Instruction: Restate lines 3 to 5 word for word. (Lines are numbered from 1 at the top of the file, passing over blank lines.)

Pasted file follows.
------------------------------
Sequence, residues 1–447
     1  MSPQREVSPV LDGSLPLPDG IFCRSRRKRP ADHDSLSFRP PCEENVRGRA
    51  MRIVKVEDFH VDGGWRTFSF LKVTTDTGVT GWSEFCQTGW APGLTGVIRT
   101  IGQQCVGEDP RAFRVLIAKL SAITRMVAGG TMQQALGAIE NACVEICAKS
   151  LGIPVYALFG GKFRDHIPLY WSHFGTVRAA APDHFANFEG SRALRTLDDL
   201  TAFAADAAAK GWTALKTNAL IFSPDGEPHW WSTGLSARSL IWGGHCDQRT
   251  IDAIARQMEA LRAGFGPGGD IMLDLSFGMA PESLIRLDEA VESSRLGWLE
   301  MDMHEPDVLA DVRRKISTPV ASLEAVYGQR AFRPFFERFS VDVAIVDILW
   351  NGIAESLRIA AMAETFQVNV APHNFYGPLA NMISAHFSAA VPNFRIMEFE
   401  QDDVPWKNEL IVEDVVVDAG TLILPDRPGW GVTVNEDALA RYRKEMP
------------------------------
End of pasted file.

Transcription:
    51  MRIVKVEDFH VDGGWRTFSF LKVTTDTGVT GWSEFCQTGW APGLTGVIRT
   101  IGQQCVGEDP RAFRVLIAKL SAITRMVAGG TMQQALGAIE NACVEICAKS
   151  LGIPVYALFG GKFRDHIPLY WSHFGTVRAA APDHFANFEG SRALRTLDDL